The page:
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The Purple Flower

MARITA BONNER was born in 1928.

Author biographies.

The summary of the PLOT.

There are CHARACTERS.

Historical context.

Critical overview of the sciences.

It is a crime.

SOURCES

Further reading.

According to Joyce Flynn in Frye Street and Environs : The Collected Works of Marita Bonner, The Purple Flower is a short, one-act play by Marita Bonner, an African-American writer of the Harlem Renaissance. The Purple Flower was the first prize winner in the 1927 Crisis magazine literary awards.

Although The Purple Flower is an allegory for racial relations in the United States, it could be applied anywhere in the world at any point in history. There are two sets of characters in the play. African Americans are represented by the Us ‘s. The WhiteDevils live on the hill, atop of which grows the purple Flower-of-Life-at- Its-Fullest. The Us live in the valley and spend their time trying to reach the hill, a goal that the White Devils do everything in their power to keep them from attaining. The stage is divided into two levels by a thin board. The upper level holds the dialogue and main action. The lower level is occupied by a group of people who dance around and mimic the action on the upper level. The best way to raise a person ‘s status is represented by the individual characters among the Us ‘s.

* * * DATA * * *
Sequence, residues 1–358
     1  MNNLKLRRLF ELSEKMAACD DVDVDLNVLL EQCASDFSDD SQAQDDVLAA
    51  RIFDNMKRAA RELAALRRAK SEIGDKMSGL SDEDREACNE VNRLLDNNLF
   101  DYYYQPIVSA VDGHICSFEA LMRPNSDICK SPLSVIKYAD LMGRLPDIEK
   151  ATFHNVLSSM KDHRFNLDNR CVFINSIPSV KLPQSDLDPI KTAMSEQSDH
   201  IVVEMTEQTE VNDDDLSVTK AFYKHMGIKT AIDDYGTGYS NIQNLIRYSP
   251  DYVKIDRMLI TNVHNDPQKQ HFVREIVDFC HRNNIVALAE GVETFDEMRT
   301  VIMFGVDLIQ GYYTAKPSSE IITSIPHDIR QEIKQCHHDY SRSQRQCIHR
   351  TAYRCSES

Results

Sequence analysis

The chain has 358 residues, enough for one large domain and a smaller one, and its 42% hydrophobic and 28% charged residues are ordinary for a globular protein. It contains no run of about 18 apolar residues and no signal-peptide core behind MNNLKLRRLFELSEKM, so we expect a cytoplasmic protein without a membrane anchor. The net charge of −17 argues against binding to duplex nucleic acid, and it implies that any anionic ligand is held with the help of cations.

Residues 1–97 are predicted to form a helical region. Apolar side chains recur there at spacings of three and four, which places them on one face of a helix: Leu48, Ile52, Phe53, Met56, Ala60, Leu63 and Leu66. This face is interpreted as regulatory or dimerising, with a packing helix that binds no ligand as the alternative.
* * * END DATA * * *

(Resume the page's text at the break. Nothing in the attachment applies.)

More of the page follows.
An Old Man in the play mixes in an iron pot a conjuring Potion made up of dust, books, gold and human blood. Finest Blood, the bravest Young Us, is sent off to confront the White Devils with the power of music, faith, and the readiness to sacrifice his own blood. The Old Man combines the contributions of many different members of the community to give birth to a new man who will fight for equality.

On June 16, 1899, Marita was born in Boston, Massachusetts. Her mother was a homemaker and her father was a machinist. She had three siblings who died in childhood. In 1918, she majored in English and comparative literature at Radcliffe College. Because African-American students were not allowed to live on campus, she lived at home. She was 800-273-3217 800-273-3217 800-273-3217 800-273-3217 800-273-3217 800-273-3217 800-273-3217 800-273-3217 800-273-3217 800-273-3217 800-273-3217 800-273-3217 800-273-3217 800-273-3217 800-273-3217 800-273-3217 800-273-3217 800-273-3217 800-273-3217 800-273-3217 800-273-3217 800-273-3217 800-273-3217 800-273-3217 800-273-3217 800-273-3217 800-273-3217 800-273-3217 800-273-3217 800-273-3217 800-273-3217 800-273-3217 800-273-3217 800-273-3217 800-273-3217 800-273-3217 800-273-3217 800-273-3217 800-273-3217 800-273-3217 800-273-3217 800-273-3217 800-273-3217 800-273-3217 800-273-3217 800-273-3217 800-273-3217 800-273-3217 800-273-3217 800-273-3217 800-273-3217 800-273-3217 800-273-3217 800-273-3217 800-273-3217 800-273-3217 From 1922 to 1924, Bonner taught English at Bluefield Colored Institute in Bluefield, Virginia. From 1925 to 1930.

The short story “ The Hands-A Story ” was published in Opportunity magazine in 1925. Her essay about being young and black was published in a magazine. Through 1941, she continued to publish short stories, essays, plays, and reviews. While in Washington, D. The Harlem Renaissance is a term used to describe a period of flowering of African- American literature during the 1920s.